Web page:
New Zealand in disarray for Test season

New Zealand is facing a “civil war” between players and provincial unions just over a month before the All Blacks host England in a two-Test series.

According to several reports in New Zealand, major players are threatening to create a breakaway body to govern the professional game in the country.

This is in response to a dispute with provincial unions over proposed governance reforms. The players association, led by prominent players such as Sam Cane and Richie McCaw, has sent a letter setting out their demands.

The dispute began after a review last year criticized the current management of New Zealand Rugby (NZR) and suggested major changes, including the appointment of independent directors. The players association requested this review following concerns about a deal with US private equity firm Silver Lake.

Provincial unions have since proposed an alternative plan that players say does not implement the necessary changes. The players’ association warns that if this alternative plan is approved at a meeting on May 30, they will split from NZR and form their own governing body. This new body, potentially called the “Professional Rugby Tribunal”, would deal with all professional aspects of the game, such as media rights and player contracts, while NZR would continue to manage amateur and community rugby.

At the center of the conflict is the fight for control: the provincial unions want to maintain influence over NZR board appointments, while the actors seek an independent board that represents all stakeholders, including themselves and the arm NZR commercial.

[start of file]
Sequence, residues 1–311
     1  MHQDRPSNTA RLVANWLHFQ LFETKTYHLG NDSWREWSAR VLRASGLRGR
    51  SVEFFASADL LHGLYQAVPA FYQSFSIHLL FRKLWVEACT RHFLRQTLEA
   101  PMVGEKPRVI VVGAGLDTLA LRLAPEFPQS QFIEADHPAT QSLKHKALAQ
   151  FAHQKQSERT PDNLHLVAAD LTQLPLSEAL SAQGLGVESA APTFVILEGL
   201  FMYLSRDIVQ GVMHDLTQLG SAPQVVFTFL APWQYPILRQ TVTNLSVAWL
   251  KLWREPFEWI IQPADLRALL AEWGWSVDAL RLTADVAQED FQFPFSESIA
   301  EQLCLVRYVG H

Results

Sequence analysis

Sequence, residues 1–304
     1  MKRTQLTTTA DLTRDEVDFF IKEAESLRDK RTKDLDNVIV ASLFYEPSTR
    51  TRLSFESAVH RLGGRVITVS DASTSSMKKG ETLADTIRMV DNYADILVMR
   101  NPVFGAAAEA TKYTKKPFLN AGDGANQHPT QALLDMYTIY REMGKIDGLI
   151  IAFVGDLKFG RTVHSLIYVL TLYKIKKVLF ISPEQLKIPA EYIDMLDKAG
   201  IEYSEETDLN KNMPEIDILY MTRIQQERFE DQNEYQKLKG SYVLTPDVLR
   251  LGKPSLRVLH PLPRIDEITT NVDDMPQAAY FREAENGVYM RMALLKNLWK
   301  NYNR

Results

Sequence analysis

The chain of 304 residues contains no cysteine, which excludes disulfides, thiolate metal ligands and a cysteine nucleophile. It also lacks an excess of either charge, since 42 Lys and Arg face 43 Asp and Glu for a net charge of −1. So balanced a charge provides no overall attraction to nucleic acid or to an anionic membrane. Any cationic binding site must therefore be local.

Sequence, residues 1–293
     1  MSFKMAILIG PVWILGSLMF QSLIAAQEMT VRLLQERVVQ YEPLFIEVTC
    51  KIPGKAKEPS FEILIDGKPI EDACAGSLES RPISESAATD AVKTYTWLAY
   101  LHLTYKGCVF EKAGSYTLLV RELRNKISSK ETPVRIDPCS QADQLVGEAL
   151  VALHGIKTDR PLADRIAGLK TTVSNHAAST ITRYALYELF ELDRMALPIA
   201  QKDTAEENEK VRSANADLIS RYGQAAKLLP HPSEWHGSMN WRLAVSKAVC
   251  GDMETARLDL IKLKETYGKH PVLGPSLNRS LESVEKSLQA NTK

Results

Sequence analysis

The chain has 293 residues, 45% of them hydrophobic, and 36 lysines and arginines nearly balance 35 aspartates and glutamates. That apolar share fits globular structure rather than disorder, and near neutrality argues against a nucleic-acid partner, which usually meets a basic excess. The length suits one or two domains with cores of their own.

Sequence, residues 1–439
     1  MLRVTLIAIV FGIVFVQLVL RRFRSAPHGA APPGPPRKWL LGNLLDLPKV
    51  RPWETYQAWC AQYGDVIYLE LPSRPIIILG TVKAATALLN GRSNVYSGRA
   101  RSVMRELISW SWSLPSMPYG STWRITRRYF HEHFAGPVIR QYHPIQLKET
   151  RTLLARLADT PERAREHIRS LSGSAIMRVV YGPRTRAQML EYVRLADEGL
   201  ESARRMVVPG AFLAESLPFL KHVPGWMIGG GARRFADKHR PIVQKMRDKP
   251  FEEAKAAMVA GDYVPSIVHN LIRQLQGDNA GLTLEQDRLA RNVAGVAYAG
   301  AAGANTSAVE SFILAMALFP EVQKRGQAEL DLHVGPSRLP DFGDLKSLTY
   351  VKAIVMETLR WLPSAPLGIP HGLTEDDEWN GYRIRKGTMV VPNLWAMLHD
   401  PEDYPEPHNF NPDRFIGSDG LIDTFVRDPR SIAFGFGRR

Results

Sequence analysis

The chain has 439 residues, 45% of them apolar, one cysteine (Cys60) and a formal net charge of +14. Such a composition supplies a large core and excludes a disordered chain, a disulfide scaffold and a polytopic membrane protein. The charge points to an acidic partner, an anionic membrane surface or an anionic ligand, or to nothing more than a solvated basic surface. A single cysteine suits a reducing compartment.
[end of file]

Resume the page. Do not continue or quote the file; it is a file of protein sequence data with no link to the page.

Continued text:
Players’ association chief executive Rob Nichol stressed the need for excellence and change, saying provincial unions no longer represent all stakeholders in New Zealand rugby and players are determined to bring about the necessary reforms.

“The strength of New Zealand rugby is that we’ve always been in the same boat, we’ve always been one team,” Nichol said.

“But I have to be honest, we have felt in recent times that players and teams have continued to strive for excellence on the field and achieve the results that we all want, but off the field we have not been where we should be. We want excellence and we are somewhat ruthless about it. When a panel of experts comes and agrees with us that there has to be a change, then our response is: “we want a change.”

“What the report subtly points out is that provincial unions are no longer the game in this country; There are many other stakeholders and they need to be taken into account in the process. But make no mistake, we will make it.”

The All Blacks will host England in Dunedin and Auckland in July.